Reviewed this week
Some of us reach for the stars. Other, more superhuman-like, people reach for entire solar systems... And get them. Superhumans like yung Tsuki who has consistently smashed every door down in sight since emerging 18 months ago. Crafty with the riff magic, every bassline he conjures could make your nan shake and these are no exception; the pitch-shifting bassline mutations on the title track, the rattling organic drum fill and high/low Q&A riff on "RGB" and the venomous hook on "Terror" are just three certifiable shakers. Stay tuned. For his next trick Tsuki will be reaching for the universe...
Greezey by name, successful producer by nature: this slick-haired south coast hero continues to demolish in every direction as he makes his EP debut on Elsta's Murky Digital. Four tracks in total, each one primed for different corners of the dance "Most Wanted" slaps down straight in the centre of jump and tech with a subtly twisted wobble on the bassline, "My Way" is the rumbler of the set with a groaning bassline that murmurs ominously beneath the surface while "Love Dem Style" takes a disco dodo and slaps it back into existence with a barbed soul focus. "Headache" closes the show on a deeper, slinkier flex with lilting keys, a tightly-coiled two-step and a stern message in the sample. Most wanted by name, essential by nature...
Jinx is ready to rumble. The big question is... Are you? You should be; there are six stone cold jungle slappers right here, each one rumble-optimised for your maximum skank pleasure. Highlights include the slight wonky and loose flabby feeling on the bass on "Ready To Rumble", the roomier, deeper stepper "Long Nights" and the star-gazing, purring sub-led dubby workout "Hold Tight". But that's literally the half of it. Dig deep and rumble yourselves silly.
While Dave 'Joey Negro' Lee is a man of many talents, it would be fair to say that his speciality is creating impeccable blends of disco, boogie and soulful house. That's exactly what you get from "Must Be The Music (Original Disco Mix)", a brilliantly breezy and club-ready excursion full of slick female vocals, Nile Rodgers style guitars, undulating strings and colourful, boogie style synth flourishes. In some ways, it feels like a slightly more house-centric take on Lee's similarly minded work as part of the Sunburst Band. It's accompanied by a superb dub, where Lee's chosen musicians take it in turns to deliver killer synth and guitar solos over a chunkier, boogie-driven beat. In other words, it's another strong release from the Z Records founder.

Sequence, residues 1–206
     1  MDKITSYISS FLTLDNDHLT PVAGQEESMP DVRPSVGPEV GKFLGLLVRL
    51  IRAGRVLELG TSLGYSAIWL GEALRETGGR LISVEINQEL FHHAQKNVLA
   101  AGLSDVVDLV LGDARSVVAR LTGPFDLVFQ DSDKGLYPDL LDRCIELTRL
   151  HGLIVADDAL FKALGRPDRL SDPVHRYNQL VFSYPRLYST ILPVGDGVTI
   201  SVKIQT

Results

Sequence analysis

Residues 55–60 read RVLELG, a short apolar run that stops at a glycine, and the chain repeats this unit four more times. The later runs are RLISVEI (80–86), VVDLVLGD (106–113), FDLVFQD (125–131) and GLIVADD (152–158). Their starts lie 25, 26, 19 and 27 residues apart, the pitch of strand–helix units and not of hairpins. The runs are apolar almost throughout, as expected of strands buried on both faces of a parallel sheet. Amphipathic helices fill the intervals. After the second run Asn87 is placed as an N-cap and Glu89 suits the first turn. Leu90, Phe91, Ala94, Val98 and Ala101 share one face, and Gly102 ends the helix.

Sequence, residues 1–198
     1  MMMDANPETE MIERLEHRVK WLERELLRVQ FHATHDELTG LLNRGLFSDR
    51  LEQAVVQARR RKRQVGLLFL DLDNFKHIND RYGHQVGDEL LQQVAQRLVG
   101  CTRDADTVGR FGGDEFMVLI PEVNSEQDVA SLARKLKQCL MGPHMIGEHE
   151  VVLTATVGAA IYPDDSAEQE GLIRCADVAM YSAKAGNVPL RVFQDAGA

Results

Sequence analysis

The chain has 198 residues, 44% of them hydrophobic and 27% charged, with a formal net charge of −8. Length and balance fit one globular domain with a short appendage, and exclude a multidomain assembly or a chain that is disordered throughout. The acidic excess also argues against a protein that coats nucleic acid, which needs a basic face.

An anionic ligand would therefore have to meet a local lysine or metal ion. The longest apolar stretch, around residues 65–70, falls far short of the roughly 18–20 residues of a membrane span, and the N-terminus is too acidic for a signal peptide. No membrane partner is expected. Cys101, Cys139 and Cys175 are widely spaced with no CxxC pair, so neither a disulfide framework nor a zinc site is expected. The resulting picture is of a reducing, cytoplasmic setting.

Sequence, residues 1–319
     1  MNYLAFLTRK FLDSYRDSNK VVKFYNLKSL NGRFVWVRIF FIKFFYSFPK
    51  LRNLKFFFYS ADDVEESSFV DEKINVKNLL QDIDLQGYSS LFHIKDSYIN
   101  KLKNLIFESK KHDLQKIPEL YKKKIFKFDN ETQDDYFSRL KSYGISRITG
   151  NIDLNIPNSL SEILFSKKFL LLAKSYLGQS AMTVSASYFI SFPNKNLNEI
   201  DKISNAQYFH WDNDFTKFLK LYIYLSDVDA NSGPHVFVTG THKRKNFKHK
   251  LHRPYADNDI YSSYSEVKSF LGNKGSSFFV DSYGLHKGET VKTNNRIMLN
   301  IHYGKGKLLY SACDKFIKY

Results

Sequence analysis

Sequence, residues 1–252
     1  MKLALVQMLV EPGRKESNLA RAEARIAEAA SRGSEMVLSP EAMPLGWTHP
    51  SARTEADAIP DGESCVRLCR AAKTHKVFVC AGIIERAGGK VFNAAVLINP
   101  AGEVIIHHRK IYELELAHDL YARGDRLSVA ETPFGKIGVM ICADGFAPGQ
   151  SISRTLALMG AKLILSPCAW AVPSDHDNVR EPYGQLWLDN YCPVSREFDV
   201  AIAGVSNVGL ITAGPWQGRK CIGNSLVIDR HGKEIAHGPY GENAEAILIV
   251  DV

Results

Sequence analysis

The recording career of Salzburg's Bernard Weiss, AKA Demuja, has followed the well-trodden path of multiple compilation appearances followed by well-received EPs for a couple of little-known labels. There's a feeling that he just needs a breakthrough, and this single on Jimpster's Freerannge label could provide it. Certainly, the four included tracks are amongst his strongest to date. Choose between the sumptuous, shuffling deep house dreaminess of "Move", the warehouse-friendly thrills of "B.o.o.m", the hard-wired Italo-disco revivalism of "Into My Brain" - all raging arpeggio lines and dreamy pads - and the fireside-warm deep house/disco fusion of "Turn Me On". The latter's fusion of live instrumentation, evocative vocal samples and rolling house drums is particularly inspiring.
Now this is interesting... DJ Hybrid is releasing his second album across two EPs on both of his labels. Here we find "Addicted To Audio" on his flagship imprint Audio Addict. A dedication to the foundational D&B bug he was first bitten by, this collection shows his dancefloor side with raw, unkempt energy and riff dynamism; the low-end grunts and wry MC samples of "The Lurker", the logistical shades and euphoric thrust of "Forever" and beehive bassline and sudden flighty switch on "Boom Ting" are just three examples of Hybrid's high level addiction here. Now go and seek the second half "Deeper In The Jungle".
German house label Running Back has featured the likes of Radio Slave and Boris Dlugosch in its schedules. Now its time for cult hero Philipp Lauer to join the party and he's marked the occasion with the Phlipper EP, possibly his most Italo disco-influenced release yet. Basically the whole record is the sound of summer holiday fun - the title track is breathy retro Eurotrance, (think the Rhythm Of The Night) all stonewashed synths and hands-in-the-open-night-air melodies. "Muscle" meanwhile is more your 80s Outrun-style arpeggio disco and "Lauer Vizzi" is pure late 80s Italo house joy think Rimini via the Hacienda.
The unstoppable DJ Hybrid is doing something really special here. Rather than releasing his album on just one of his labels, he's sharing the wealth across both imprints. As well as "Addicted To Audio" on Audio Addict comes this equally slamming five-piece on Deep In The Jungle. Naturally it covers his break-bashing ragga style to perfection with some seriously show-stopping highlights such as the stuttering dancehall of "Raised In The Jungle", the gang-banging bass badness of "Deeper Into The Jungle" and the total drum heaven of "Original Junglist". And this is just the half of it.
Outer Edges: One of 2016's best drum & bass albums just keeps on giving. First came the whopping remix collection from some of the biggest and best names in the game. Now come rubs from the top cats themselves (plus a few classic VIPs thrown in for good measure)... "Voodoo" gets the 172 treatment with a snare-slapping bashment riddim, "Dead Limit" is torn to pieces by a gurning halftime switch-up and "Surfaceless" enjoys a new industrial strength coat of arms. Beyond the outer edges we have 2011's classically-trained "Tommy's Theme" getting deaded 2017-style and "Diplodocus" finally rising from dubplate status in all its gritty, sheet-metal-bending glory. Five slices of serious remix toxicity. Essential.
Bass gurus Wickaman and Mavrik return to Jungle Strikes with another clutch of precision executed, party-firing D&B edits. The first two are worked around some of the most iconic hooks to hit the dance in 1990: "This Is Goodbye" builds up around an iconic sax hook with added vocals from a play-full source while "Oceans 909" sends us out deep into the Pacific with a cult clarinet line to use as a paddle. Finally "Time To Move Over" takes us just north west of Bristol with a turbo-charged take on a mid 90s game-changer. All three respectful twists on classics every single person on your dancefloor will know... And indeed want to kick off to.